Oh, what an atmosphere. A new chiller for Sunday nights: The Returned (4oD), over from France, panic-inducingly relaxed, uncomfortably foreign, icy, just staring at you. Recognising that the only way to make a supernatural story effective is to emphasise the “natural” part, Les Revenants took its corking horror premise and unfurled it slowly.
A coach full of young teens left a small Alpine town for a trip. On a mountain road, for no obvious reason, the bus veered through the barrier and over the cliff. Some years later – how much later was kept secret for as long as possible, mainly for the heck of it – the town was still holding support groups for the bereft parents when the kids started calmly returning home.
Les Revenants tapped into two apparently contradictory truths: that there is nothing worse than a parent losing a child, and that children are fundamentally a bunch of creepy weirdos. Combine those, and you have the terrific scene where Camille, the focus of episode one, distractedly made herself a sandwich in the kitchen, gabbling about having blacked out briefly on the trip and woken in the mountains, while Maman stood there, frozen.
Camille’s mum had never stopped praying for her return and was grateful it had worked, to the chagrin of her husband – who, presumably under the strain of grief, had long since become estranged. He employed a pretty young prostitute. He said the monument the parents’ circle had planned was “ugly”. He was a Gauloisey mess, the character who looks best qualified to be our eyes on the madness, and very funny.
Oddball, wrong humour was never far away: not long after Camille got back, her mum ran to her room to dismantle the shrine and mess everything up again. The ever-burning candles went out the window. (But why didn’t Camille notice her mother had aged? Oh, wait. She’s a teenager. Of course she didn’t notice.)
Even when Les Revenants suddenly bared teeth in the final ten minutes, there were no crash-zooms, no tearing-metal string stabs in Mogwai’s sly soundtrack. That the show will be about derangement, sex and murder as well as ghosts was information delivered unceremoniously, in a gift-wrapped box we had to gingerly peek into. Even after the whole of the first hour, we don’t know where The Returned is heading. But we know it’ll be unsettlingly cool.
“Come and have a look. I’ve got some footage that’s come in from one of the cat cameras!”
Sometimes Horizon tackles properly big science: cancer cures and god particles, big bangs and ends of worlds. Sometimes it goes to Surrey and straps GPS trackers to cats.
I hesitate to criticise academics from such fine institutions as the universities of Bristol and Lincoln, but: well, let’s hope Horizon: The Secret Life of the Cat (Thursday BBC2; iPlayer) isn’t the pinnacle of anyone’s career. A troupe of jolly spods arrived in a vair naice village called Shamley Green, with its lovely Red Lion pub, tasteful period-effect frontages, pristine green common and red postman’s bicycle leaning up against a tree.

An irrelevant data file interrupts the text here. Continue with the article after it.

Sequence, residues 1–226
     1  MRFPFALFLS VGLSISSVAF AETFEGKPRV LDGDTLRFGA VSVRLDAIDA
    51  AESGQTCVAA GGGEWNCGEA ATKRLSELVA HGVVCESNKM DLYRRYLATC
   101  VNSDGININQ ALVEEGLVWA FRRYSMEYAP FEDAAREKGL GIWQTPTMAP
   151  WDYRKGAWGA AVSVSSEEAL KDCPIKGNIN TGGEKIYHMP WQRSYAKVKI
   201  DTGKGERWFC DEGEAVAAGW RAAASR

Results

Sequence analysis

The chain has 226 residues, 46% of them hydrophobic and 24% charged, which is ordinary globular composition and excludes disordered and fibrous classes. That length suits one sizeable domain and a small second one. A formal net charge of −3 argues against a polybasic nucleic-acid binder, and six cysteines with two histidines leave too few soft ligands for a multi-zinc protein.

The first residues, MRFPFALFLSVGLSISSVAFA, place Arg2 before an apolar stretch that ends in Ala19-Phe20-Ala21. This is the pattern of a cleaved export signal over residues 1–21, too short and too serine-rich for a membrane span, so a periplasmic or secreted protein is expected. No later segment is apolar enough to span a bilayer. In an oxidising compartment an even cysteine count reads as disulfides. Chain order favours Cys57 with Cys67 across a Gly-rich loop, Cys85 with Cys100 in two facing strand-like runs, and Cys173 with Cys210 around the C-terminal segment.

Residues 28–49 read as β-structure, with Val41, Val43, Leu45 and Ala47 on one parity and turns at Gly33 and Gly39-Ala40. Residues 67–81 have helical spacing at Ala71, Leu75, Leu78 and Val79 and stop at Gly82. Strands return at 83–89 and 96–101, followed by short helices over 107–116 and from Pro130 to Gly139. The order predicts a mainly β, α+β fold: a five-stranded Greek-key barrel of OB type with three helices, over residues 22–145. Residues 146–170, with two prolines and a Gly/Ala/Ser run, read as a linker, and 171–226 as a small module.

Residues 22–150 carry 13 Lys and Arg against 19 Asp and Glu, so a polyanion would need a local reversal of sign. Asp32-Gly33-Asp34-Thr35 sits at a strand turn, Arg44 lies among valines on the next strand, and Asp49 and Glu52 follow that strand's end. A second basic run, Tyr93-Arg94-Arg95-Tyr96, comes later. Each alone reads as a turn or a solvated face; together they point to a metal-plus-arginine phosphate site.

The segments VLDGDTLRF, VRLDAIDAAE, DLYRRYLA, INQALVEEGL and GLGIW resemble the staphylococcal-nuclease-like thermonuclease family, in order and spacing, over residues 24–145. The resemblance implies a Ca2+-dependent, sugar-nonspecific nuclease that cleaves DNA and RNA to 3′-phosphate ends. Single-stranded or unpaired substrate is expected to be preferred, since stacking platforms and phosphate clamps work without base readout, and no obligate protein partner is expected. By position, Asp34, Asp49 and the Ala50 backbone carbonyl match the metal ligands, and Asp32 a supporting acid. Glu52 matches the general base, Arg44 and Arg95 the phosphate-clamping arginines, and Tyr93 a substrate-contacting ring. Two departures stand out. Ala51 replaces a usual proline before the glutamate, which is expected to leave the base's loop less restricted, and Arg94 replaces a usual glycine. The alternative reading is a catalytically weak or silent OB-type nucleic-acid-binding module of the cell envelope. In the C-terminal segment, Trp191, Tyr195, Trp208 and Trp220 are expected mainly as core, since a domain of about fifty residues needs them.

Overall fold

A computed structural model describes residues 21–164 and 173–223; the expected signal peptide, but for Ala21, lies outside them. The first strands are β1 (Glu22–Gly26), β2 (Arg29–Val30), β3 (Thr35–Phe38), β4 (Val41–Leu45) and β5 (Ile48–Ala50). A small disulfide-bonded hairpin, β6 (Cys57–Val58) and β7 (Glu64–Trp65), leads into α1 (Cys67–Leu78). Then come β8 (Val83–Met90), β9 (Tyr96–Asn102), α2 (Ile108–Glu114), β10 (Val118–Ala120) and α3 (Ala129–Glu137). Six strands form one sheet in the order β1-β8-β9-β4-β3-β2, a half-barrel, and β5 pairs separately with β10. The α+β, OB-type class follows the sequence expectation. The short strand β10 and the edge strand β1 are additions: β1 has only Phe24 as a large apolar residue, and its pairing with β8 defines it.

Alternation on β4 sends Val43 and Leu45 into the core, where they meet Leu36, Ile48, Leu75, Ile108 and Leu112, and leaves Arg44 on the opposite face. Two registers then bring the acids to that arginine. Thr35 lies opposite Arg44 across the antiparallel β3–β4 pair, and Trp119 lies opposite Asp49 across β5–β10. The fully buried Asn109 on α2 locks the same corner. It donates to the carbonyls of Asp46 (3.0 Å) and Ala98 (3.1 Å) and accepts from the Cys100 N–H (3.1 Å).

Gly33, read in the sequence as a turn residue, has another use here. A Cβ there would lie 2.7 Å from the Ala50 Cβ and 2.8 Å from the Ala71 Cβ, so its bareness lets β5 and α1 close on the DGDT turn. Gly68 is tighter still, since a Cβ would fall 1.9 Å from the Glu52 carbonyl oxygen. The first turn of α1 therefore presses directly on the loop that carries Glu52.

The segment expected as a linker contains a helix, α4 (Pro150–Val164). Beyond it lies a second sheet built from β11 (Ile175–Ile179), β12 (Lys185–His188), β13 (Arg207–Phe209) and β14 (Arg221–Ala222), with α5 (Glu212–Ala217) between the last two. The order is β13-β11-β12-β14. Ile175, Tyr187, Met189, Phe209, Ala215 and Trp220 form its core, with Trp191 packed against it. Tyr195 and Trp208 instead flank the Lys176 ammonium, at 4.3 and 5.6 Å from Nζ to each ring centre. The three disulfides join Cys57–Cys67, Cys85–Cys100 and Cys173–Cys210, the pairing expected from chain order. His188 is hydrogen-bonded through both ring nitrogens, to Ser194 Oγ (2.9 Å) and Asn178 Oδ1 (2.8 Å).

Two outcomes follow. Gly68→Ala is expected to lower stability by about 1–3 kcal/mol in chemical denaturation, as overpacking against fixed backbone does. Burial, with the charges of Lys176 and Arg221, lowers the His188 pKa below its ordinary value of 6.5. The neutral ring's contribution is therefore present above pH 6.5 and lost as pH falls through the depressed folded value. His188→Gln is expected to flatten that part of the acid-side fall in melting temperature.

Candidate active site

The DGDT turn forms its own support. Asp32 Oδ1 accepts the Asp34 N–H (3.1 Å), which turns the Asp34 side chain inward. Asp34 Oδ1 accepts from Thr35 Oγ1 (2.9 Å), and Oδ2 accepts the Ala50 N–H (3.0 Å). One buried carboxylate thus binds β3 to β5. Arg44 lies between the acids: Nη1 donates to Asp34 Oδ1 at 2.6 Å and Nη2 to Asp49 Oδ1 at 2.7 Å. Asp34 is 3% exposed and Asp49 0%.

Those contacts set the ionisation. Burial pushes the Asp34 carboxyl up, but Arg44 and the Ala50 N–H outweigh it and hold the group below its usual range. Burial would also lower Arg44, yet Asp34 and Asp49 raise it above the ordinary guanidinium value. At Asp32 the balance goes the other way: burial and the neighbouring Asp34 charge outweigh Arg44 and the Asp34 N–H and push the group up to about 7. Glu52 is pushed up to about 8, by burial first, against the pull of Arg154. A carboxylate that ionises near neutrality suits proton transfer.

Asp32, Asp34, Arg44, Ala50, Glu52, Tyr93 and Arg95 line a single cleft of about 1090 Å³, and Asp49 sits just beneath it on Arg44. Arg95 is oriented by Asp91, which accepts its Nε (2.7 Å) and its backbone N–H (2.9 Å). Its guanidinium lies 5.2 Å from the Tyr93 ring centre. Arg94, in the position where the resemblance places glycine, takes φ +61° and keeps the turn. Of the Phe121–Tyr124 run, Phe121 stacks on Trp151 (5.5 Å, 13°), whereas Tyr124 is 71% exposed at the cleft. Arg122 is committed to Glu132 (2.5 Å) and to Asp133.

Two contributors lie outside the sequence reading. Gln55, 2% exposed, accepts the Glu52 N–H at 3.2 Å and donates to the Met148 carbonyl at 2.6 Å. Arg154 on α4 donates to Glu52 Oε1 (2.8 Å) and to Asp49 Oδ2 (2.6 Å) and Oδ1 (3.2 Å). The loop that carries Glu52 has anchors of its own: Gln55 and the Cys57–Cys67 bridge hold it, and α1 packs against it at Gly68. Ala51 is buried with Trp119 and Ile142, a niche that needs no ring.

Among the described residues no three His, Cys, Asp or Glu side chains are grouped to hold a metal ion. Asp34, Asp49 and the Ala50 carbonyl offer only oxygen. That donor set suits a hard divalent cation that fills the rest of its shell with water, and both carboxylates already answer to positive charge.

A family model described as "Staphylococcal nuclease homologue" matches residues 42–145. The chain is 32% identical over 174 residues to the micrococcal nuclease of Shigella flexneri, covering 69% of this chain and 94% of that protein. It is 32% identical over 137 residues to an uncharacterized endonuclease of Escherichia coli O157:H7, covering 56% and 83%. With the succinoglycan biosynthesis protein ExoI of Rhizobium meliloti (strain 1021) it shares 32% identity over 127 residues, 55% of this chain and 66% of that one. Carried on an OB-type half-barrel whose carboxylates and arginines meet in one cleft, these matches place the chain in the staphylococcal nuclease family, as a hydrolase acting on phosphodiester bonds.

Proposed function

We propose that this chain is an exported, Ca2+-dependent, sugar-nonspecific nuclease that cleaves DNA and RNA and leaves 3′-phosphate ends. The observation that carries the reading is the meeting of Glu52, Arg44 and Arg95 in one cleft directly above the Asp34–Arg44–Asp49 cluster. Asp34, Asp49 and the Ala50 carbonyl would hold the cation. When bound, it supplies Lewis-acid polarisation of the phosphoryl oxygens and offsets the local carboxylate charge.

Shamley Green’s cat owners – which was nearly everyone, hence Shamley Green being chosen – gathered in the church hall, where a special sign had been put up: “CAT HQ”. The plan was announced. The catsperts would find out what the pets were getting up to when they left the house.
After some cute vignettes commenting on cats’ personalities as if they were people, the first revelation broke. Cutting-edge, digital GPS mapping software revealed that, at night, domesticated cats… roam around the area near their houses. Some go quite far away. Others don’t.
Would anything worth knowing ever seriously encroach on the adorable Tumblrvision of cats padding around on nice lawns and sanded floorboards? At the 22-minute mark, finally! “Appearances can be deceiving. Ginger, it turns out, has a secret life.” Ginger eyeballed the camera menacingly, rotating an ear. Right then. Here we go. Ginger, it turned out, was… going into another garden and scrapping lightly with the resident cat.
Night vision, point-of-view cameras were placed round the necks of particularly fascinating cats, creating spooky black-and-white footage of rooftops and shrubbery, with whiskers hanging like fronds in the top of the shot. But when Chip went hunting in a birds’ nest, his camera fell off. When Billy worked his way through the hedgerow near the local farm, perpetrating some sort of rodent massacre, he wasn’t wearing one.
Non-cat-lovers who battled through the whole programme in the hope of some new knowledge were rewarded with cats going out less in cold weather, cats nipping through their mates’ flaps to eat their food, and the major breakthrough: that cats share territory, coming to an arrangement where only one is on spray patrol at any time. Alan, the cat surveillance expert, proved this last one using a special clock-based circular graph.
Everyone involved deserves some kind of commendation for persisting so cheerily with an experiment that so clearly hadn’t resulted in anything at all notable. For the target audience at home, however, it didn’t matter. They wanted adorable moggies reclining in baskets and drinking from ponds in super-slow motion. In the absence of any science to get in the way, they got their wish.